Monday, October 26, 2009

I Broke Facebook With Thoughts

The other day my friend Ray posted a video on his Facebook page of Carl Sagan explaining the fourth dimension. You should watch it before reading the rest of this post (only 7 minutes):

I LOVE Sagan's analogy because it makes it so easy to understand the idea of why we have trouble seeing/experiencing other dimensions. (And listening to him talk just cracks me up.) The video started all kinds of quantum wanderings in my head. I intended to blog about my mental musings, but Mark gave me the perfect opportunity to post them first on Facebook by making his status read: [Insert Profound Thought Here]. I obliged with what was forming in my head, and accordingly he replied with his own thoughts and questions.

The odd part is that after I submitted my second long post in response to his counterpoints, Facebook lost the entire thread. It wouldn't let me post any more comments and even the ones that appeared previously are not viewable. I had no trouble viewing or posting on anyone else's page, but this particular conversation was OVER. I dunno if I blew Facebook's brain or the aliens were like, "Oh no you didn't!" but the entire discussion is gone.

However... smart pirates have backups. :) Yarrrr. Internet gremlins be damned! Since I was going to blog about it anyway, I was saving the convo elsewhere, so the following is the discussion we were having...


Me: Ok... if Carl Sagan can hold up a clear plastic cube and create a shadow of it on paper thus illustrating how 3D becomes 2D; then he shows us a clear plastic 3D representation of a tesseract and says that's like a shadow of 4D becoming 3D; and if the 3rd dimension is defined as the directions of back/forth, up/down, side/side, and the fourth dimension is measured as adding the element of time to the 3D directions, then considering all that should the element added to 3D to create 4D actually NOT be time, but "within/without" instead (I mean look at how the "shadow" of a tesseract looks - one cube within another), and if so, how do we measure "within/without?" By an emotional scale? Is that profound enough for you?

Him: I don't believe time was considered one of the dimensions in a tesseract, however. It's four spatial dimensions that it represents. The questions is, if there are more than three spatial dimensions, how many objects that are four dimensional (+) intersect our three dimensions and defy explanation by their behavior because we are unaware of the activities taking place in the other spatial dimension for them?

Me: That's what I'm saying - time SHOULDNT be considered in measuring or describing a tesseract (because what is describing something in our world besides measuring it?). Time is always considered in measuring distance (distance = the time it takes to get from A to B, yes?) and MATHEMATIC tesseracts involve measurements of distance through the spatial relationships of one cube to another. If the distances of the vertices are not all equal then it's not a tesseract but some other poly-shape, right? So time is involved in some way through the measurement of distance when describing that particular form mathematically. But since (as Ray said) time is only a human thing then it only exists in the dimension WE live in - the 3rd dimension, yes? Generally, we cannot extract ourselves from the use of time/distance as a measurement of our world. Just like a 2D creature could not imagine up/down as a direction in their world. So in order to properly describe a form that lives in a dimension outside of our own, should we not remove time as a means of measurement? (Oh yes, I want to delete math from the equation - what a surprise. haha) Perhaps things in the fourth dimension are measured on some kind of emotional relation scale and what WE see as a tesseract here in this dimension is only a 3D representation of it just like a drawing of a cube is a 2D representation of the real cube in 3D. The trouble for us is comprehending how to measure or describe a form without a scale we're familiar with. Even when we say "on an emotional scale, how do you feel?" we tend towards numbers (like 1 being I feel icky and 10 being I feel great) because distance and numbers and time is what we use to measure and describe the 3rd dimension. I think this is why yogis can do what we would consider "magic" - their relational thinking involves different kinds of spacial relationships - they do not bind themselves to the means of measurement of the 3rd dimension like most of the rest of us do. It's all in how you THINK about it. Your perspective. Hence, my idea of measuring with emotions, not math. Geez, I'm not even sure I understand all that now. haha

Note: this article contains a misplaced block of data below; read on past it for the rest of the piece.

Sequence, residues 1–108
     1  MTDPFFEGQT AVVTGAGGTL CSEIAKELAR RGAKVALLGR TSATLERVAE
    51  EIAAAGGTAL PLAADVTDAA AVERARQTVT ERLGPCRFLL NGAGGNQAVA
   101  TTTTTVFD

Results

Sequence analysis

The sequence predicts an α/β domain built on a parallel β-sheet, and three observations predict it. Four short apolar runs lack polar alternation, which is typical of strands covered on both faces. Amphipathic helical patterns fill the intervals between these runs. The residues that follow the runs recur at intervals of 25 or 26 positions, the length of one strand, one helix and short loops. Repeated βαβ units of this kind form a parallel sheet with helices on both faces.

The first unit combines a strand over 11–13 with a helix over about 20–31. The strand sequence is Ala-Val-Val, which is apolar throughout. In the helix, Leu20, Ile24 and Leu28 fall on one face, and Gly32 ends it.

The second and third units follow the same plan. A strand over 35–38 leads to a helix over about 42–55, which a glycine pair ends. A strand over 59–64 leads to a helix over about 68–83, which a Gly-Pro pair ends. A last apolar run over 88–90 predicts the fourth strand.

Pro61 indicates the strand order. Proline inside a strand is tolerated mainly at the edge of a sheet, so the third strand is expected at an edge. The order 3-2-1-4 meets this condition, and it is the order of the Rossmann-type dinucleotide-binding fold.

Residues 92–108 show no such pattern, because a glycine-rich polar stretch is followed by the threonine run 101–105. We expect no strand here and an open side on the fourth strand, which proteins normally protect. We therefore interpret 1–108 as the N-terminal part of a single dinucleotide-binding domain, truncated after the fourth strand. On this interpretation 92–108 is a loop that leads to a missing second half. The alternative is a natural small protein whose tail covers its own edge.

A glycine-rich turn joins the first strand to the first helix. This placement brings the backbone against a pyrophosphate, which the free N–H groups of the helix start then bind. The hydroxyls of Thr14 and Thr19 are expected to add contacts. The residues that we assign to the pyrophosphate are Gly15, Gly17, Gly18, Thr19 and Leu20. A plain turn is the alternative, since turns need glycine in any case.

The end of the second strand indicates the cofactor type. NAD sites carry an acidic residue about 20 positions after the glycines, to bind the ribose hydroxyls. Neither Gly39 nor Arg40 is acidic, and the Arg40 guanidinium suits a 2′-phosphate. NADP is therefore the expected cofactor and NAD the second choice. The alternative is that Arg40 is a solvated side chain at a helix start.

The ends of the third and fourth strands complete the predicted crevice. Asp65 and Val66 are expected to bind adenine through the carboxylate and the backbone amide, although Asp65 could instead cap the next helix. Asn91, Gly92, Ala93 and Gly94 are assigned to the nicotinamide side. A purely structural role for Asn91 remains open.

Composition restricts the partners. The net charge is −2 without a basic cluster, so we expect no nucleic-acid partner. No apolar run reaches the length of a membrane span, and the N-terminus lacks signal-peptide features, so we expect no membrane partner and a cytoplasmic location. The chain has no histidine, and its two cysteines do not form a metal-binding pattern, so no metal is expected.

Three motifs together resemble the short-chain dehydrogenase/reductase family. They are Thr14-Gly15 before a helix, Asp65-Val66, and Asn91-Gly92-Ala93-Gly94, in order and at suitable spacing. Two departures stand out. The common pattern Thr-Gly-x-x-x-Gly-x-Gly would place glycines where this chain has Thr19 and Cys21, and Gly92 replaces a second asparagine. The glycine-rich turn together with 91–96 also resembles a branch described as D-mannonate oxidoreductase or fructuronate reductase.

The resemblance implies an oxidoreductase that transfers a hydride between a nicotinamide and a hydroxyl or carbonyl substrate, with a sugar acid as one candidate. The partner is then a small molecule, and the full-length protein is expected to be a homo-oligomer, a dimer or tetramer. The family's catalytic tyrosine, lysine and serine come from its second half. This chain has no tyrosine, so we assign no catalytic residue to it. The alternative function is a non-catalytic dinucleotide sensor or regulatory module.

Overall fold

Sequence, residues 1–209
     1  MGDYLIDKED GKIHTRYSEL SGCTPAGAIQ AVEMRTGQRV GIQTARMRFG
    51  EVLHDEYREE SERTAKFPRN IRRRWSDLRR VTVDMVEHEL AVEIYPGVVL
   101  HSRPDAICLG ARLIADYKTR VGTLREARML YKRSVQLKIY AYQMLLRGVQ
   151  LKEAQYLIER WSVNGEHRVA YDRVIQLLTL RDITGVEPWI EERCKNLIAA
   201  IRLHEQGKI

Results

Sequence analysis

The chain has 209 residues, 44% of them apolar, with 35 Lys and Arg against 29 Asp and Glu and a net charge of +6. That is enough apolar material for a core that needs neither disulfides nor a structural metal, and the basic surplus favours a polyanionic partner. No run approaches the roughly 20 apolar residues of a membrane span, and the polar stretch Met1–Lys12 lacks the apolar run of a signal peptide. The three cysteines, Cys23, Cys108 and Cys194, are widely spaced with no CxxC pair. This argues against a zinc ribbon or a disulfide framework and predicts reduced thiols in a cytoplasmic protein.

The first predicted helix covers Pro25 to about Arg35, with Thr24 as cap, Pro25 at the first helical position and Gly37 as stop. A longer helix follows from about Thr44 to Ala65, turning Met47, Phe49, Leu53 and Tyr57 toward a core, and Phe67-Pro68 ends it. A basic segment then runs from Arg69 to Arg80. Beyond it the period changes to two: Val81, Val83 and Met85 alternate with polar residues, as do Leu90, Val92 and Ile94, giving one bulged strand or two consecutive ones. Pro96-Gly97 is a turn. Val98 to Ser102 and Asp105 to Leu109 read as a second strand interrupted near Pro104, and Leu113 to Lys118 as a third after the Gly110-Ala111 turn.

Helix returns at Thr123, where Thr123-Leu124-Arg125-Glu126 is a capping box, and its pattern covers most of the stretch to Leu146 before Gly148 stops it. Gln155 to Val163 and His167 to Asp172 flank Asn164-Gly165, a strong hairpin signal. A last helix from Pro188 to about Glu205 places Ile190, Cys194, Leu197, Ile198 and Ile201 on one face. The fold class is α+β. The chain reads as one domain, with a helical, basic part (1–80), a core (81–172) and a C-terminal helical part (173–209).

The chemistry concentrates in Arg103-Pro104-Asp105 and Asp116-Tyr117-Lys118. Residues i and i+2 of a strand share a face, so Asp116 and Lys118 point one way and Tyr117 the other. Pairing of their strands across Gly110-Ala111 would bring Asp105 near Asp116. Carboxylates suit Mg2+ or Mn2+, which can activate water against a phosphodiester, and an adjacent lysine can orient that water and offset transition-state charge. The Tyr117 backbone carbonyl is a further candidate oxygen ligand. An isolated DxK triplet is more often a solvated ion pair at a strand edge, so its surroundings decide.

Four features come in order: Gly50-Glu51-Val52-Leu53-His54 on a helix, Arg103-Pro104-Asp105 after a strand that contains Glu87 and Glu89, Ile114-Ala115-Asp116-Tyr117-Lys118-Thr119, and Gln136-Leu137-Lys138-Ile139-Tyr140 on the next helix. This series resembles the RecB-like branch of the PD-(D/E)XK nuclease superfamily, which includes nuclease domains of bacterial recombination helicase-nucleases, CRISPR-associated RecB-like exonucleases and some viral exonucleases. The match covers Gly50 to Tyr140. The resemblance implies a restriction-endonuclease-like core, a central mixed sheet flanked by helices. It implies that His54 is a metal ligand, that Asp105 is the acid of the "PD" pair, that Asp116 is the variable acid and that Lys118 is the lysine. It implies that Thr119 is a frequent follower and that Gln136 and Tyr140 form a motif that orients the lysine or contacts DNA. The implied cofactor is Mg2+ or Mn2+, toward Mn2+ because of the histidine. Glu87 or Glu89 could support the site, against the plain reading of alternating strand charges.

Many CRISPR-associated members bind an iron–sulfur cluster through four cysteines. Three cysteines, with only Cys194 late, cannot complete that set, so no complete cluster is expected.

You know what's really sad is that spell check on FB can't recognize the words "mathematics" or "tesseract." (Or "vertices" for that matter.) You'd think this site was built by 20-somethings... oh wait...

Him: I forgot how integrally time figures into distance equations... yeah. Without the time it takes to get "there," "here" and "there" have no meaning since you are everywhere all at once.

Me: And to answer your second question about how many objects intersect our three dimensions and defy explanation by their behavior... I'd guess somewhere just under 7 billion and counting. :)

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